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The Iowan Project is recruiting tech-skilled Iowa expats back to the state

What was initially a database allowing former Iowans to connect has evolved into a workforce attraction campaign to identify tech-skilled Iowa expats and recruit them back to the state.

The Iowan Project is a web application featuring an interactive map of Iowa expats around the world. Users “drop their pin” on their current location and list past associations with the state of Iowa including hometown, educational institutions, and past workplaces. Users can find and connect with fellow Iowans in their area. The website has been active and collecting information for the database for the past three years.

“Those of us who have been lucky enough to live in Iowa know how great it is,” said Mollie Ross, Director of Events and Talent Development at the Technology Association of Iowa. “It’s a lot easier to get connected with people who have already had the experience of being in Iowa and know all the benefits that the state has to offer.”

Registered users of the Iowan Project receive regular communications from TAI and Iowan Project partners including news, updates and job opportunities from featured Iowa communities and employers in an attempt to recruit them back to the state.

“There always people who say they would consider moving back to Iowa if the right opportunities were there,” Ross said. “It’s just a matter of getting those right opportunities in front of them.”

Chicago Meetup

The Iowan Project will be hosting a regional meetup in Chicago this evening.

The meetup will offer attendees the opportunity to network with fellow Iowans and to learn about technology careers and the great lifestyle amenities offered by Iowa communities.

“It’s a fun opportunity to target some cities where we know there are a large number of Iowa expats currently living,” Ross said.

The Chicago meetup is just the second regional meetup hosted by the Iowa Project. The first meetup was held in Denver in June of this year.

“We hosted two events this year to feel it out see how people responded,” Ross said. “Fortunately, we’ve had a really great response. It’s looking like a great turnout crowd for the Chicago meetup. So it’s something we’ll likely continue in the future.”






The Iowan Project is recruiting tech-skilled Iowa expats back to the state | Clay & Milk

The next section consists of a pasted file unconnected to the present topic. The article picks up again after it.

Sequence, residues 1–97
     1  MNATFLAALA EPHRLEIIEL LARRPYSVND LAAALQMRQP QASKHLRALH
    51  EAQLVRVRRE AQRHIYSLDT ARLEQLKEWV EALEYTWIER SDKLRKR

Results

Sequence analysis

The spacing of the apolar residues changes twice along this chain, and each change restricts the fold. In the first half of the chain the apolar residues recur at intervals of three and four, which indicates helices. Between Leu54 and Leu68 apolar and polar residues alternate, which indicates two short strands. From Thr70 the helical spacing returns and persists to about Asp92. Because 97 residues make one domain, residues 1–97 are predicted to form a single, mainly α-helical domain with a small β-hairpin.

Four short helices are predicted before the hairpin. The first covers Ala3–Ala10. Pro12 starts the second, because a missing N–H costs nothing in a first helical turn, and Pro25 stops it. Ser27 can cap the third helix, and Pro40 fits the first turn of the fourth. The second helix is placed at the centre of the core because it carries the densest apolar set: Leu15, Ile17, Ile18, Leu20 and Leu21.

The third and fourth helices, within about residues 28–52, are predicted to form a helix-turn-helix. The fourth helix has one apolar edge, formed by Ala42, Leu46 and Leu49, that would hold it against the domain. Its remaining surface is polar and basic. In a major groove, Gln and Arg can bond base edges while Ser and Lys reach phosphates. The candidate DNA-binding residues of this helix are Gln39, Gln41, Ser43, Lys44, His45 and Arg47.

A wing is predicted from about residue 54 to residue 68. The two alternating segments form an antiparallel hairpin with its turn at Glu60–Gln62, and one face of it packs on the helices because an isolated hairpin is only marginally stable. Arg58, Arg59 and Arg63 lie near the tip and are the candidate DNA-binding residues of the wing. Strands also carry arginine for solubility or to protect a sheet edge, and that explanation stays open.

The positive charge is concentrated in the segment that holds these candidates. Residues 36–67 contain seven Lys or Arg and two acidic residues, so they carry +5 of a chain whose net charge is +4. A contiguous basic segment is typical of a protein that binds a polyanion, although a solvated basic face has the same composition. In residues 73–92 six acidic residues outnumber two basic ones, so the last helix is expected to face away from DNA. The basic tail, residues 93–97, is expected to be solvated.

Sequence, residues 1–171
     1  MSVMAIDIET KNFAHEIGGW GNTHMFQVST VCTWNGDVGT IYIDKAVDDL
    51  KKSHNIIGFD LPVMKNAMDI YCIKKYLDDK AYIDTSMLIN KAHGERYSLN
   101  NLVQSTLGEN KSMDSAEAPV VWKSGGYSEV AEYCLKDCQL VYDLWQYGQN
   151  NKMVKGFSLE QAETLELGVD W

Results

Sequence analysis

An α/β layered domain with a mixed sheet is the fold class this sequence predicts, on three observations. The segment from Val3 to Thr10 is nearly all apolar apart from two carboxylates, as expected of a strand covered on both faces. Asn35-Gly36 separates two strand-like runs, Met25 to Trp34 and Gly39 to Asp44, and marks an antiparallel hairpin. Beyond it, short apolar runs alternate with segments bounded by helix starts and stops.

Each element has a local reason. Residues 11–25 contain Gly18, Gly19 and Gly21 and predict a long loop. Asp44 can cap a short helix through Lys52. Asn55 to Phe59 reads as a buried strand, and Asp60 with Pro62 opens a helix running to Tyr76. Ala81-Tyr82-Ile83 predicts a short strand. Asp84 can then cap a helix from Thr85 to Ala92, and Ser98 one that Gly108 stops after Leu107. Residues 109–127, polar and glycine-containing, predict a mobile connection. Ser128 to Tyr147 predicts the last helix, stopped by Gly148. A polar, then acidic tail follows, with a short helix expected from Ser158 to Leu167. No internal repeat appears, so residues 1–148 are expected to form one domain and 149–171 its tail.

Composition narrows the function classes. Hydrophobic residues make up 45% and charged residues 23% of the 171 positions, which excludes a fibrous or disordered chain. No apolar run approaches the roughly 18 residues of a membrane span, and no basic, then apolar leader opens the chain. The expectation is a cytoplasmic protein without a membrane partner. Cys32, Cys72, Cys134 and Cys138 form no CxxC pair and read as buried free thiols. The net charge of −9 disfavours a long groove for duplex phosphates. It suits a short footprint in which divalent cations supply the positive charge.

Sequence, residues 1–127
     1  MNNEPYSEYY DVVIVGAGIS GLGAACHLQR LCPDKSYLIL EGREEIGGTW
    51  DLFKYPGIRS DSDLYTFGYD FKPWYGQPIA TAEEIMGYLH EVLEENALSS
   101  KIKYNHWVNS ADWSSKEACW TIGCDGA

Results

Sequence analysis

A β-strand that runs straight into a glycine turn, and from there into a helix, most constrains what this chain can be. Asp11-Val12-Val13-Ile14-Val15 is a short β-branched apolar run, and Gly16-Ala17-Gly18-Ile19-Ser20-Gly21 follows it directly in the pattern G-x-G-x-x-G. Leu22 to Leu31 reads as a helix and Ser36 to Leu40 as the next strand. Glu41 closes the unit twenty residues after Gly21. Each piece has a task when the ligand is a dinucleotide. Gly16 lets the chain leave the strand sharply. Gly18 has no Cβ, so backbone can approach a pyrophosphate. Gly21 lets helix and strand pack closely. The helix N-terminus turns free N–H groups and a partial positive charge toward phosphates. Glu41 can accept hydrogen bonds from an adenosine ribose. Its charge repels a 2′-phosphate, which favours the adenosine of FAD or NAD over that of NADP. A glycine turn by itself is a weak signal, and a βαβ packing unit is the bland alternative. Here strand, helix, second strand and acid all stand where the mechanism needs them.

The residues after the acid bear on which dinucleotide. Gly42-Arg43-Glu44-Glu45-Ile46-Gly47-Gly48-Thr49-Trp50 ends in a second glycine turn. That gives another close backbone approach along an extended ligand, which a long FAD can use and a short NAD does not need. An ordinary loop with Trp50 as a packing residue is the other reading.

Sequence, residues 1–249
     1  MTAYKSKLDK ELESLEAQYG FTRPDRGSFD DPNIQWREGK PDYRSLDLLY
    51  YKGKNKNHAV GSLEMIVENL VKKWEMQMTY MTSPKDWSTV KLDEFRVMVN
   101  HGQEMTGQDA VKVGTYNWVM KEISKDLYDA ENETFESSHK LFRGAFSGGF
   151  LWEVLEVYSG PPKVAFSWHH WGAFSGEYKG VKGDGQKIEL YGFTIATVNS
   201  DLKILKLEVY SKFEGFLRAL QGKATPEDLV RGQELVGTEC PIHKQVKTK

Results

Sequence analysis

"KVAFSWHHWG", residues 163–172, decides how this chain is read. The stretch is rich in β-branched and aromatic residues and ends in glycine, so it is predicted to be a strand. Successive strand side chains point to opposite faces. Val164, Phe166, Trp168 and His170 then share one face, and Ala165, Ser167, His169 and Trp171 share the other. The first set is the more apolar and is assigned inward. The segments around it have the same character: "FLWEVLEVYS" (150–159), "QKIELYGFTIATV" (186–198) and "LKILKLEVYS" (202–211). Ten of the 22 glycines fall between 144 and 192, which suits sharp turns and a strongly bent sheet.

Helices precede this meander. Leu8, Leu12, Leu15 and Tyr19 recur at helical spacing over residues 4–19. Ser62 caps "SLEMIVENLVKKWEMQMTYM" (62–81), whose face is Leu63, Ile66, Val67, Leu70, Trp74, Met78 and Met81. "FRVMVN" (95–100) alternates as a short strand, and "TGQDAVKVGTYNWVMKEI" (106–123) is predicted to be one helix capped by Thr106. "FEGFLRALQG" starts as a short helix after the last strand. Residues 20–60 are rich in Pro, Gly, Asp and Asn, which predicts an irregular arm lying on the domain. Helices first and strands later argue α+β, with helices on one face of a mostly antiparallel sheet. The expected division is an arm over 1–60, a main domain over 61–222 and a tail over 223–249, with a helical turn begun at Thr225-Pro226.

A central Iowa ag-tech accelerator has secured more backers and finally has a name. The Greater Des Moines Partnership first announced the accelerator last year, naming four initial investors. On Monday, the Partnership said the program will be called the "Iowa AgriTech Accelerator" and named three new investors. The new investors include Grinnell Mutual, Kent Corp. and Sukup Manufacturing, all Iowa companies. They join investors Deere & Co., Peoples Co., Farmers Mutual Hail Insurance Co. and DuPont Pioneer. Each investor has agreed to put up $100,000 for the first year of the accelerator. Startups entering the program will receive $40,000 in seed funding in exchange for 6 percent equity. Tej Dhawan, an angel investor and local startup mentor, is serving as interim director until the AgriTech Accelerator names a permanent leader. Dhawan held a similar role with the GIA before Brian Hemesath was named as managing director. As interim director, Dhawan said his main job includes hiring the accelerator's executive director, establishing a business structure and initial recruiting for the first cohort. The accelerator will place few filters, such as location and product, on the applicant pool, Dhawan said. "When you’re seeking innovation, innovation can come from every corner of the world so why restrict ourselves," he said. One area the the AgriTech Accelerator won't recruit from is biotech. For its first cohort, the AgriTech Accelerator will work out of the GIA's space in Des Moines' East Village, Dhawan said. A future, permanent home is still to be decided. The accelerator's program will host startups from mid-July through mid-October, ending with an event connected to the annual World Food Prize. The GIA, which the AgriTech Accelerator is based on, also ends with presentations at an industry event. The accelerator has also started lining up a mentor pool. The Iowa Corn Growers Association, Iowa Soybean Association and the Iowa Pork Producers Association have agreed to provide mentors, as has Iowa State University. While the AgriTech Accelerator is loosely based off of the GIA, it will differ in its business structure, Dhawan said. The GIA runs through a for-profit model for both operations and its investment fund. The AgriTech Accelerator will have a nonprofit model for its operations and a for-profit setup for its fund. Dhawan said the nonprofit model is being used so the accelerator can better work with other nonprofit partners, such as trade associations. "These are all organizations that are nonprofits and can be amazing stakeholders without ever having to be investors in the accelerator," he said. "It becomes easier to work with trade associations in their nonprofit role when we are also a nonprofit." When it's up and running, the AgriTech Accelerator would be one of a handful of ag-focused startup development programs in Iowa. Others include the Ag Startup Engine out of Iowa State University and the Rural Ventures Alliance from Iowa MicroLoan. Matthew Patane is the managing editor and co-founder of Clay & Milk. Send him an email at
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